Anh’s father Tam is incredibly optimistic. Two of his favorite sayings are “You can do anything,” and “There’s now and there’s too late.” When the duck farm was doing well, Tam and his brothers Three and Nine had invested in several properties. Eventually, however, interest rates went up, and they had to sell these properties at a huge loss. Tam—who had instigated both the duck farm and the property buying ventures—not only loses all the family’s savings, but also the savings of his two brothers.
The loss of the duck farm, as well as the family money, marks a turning point in the family’s fortunes in Australia. Tam is largely responsible for this loss. While optimism and courage are among Tam’s more admirable qualities, at times they tend to tip into recklessness. Here his boldness has led the family to bankruptcy, and has jeopardized even the fortunes of his two brothers.
One night, not long after the family has lost all their money, Anh wakes up to find his father engaged in a physical fight with Uncle Three. Soon after, Uncle Three moves back to America. From this point on, Anh’s father begins drinking heavily.
Tam’s loss of the money leads fractures to emerge among the family. That he and Uncle Three end up in a physical fight suggests just how deep, and serious, these rifts are.
Uncle Three had left Vietnam with UnclesFive, Seven, and Nine six months before Anh and his family made their voyage of escape. On the journey, Anh’s uncles had also been caught by pirates—who sank their boat. Only Uncles Three and Nine survived. The two surviving uncles ended up in America, before joining their brother Tam in Australia. But Tam lost all of their money, so now they are returning to America with nothing.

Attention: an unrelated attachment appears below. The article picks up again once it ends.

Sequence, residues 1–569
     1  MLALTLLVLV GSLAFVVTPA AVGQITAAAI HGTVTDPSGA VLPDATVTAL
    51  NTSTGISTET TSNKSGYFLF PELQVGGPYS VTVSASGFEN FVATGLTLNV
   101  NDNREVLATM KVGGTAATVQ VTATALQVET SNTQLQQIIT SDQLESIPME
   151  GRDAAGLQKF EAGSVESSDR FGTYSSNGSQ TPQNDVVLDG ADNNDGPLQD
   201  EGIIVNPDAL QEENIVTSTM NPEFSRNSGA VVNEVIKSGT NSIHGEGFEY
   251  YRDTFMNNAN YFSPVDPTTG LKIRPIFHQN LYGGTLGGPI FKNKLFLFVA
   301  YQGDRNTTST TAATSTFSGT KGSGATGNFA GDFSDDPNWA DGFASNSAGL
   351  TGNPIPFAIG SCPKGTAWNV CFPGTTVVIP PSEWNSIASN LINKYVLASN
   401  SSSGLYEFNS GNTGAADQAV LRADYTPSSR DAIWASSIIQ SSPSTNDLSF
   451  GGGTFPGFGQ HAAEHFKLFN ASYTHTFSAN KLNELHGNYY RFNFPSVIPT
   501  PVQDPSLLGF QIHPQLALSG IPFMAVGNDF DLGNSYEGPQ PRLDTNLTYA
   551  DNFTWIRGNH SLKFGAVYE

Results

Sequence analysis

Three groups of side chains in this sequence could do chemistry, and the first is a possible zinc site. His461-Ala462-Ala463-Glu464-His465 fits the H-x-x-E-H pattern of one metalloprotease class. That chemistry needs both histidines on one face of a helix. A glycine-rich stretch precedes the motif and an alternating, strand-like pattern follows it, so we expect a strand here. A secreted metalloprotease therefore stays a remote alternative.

The death of Uncles Five and Seven during a previous journey with Uncles Three and Nine suggests the extent to which luck is responsible for the survival of remaining family members, including Anh and his family. It is simply a matter of chance that Uncles Three and Nine survive the pirate shipwreck, just as it is a matter of chance that Anh and his family survive their own journey of escape.
Anh’s father Tam has become an alcoholic. He no longer helps Anh’s mother with the garment business and is even occasionally violent towards his family. At times he disappears for weeks. One day, Anh’s mother announces that Tam has returned to Vietnam. Anh is relieved to hear this news—he is glad not to have his alcoholic father in the house.
Tam’s turn to alcohol marks the beginning of the end of his position as a positive role model and inspiration to his children. The fact that Anh is relieved to hear that his father is away in Vietnam also reflects the fact that his view of his father has changed drastically for the worse.
Six months later, Anh’s mother tells the children that Tam is back from Vietnam, but she refuses to have him in the house. Anh, too, doesn’t want him back. He takes to sleeping with a knife under his bed, to protect his mother and siblings in case his father shows up at the house.
That Anh takes to sleeping with a knife in case his father reappears, reveals the extent to which he feels threatened by his father. This also marks a change in Anh’s role. Whereas before, Tam had been the protector of the family, now it is Anh taking on that role.
One day, Tam indeed shows up at the house. Anh’s mother is terrified. Anh gets his knife and goes to the door. There, he finds his father a wreck: he is sobbing, and walks away. Anh doesn’t see him for the rest of his childhood.
The turbulence that Tam’s alcoholism and aggression occasions amongst the family is apparent in this scene. Anh’s family feels so threatened by Tam that Anh is pushed to the brink of doing violence to his father. Yet his father is also clearly suffering, as his weeping reveals.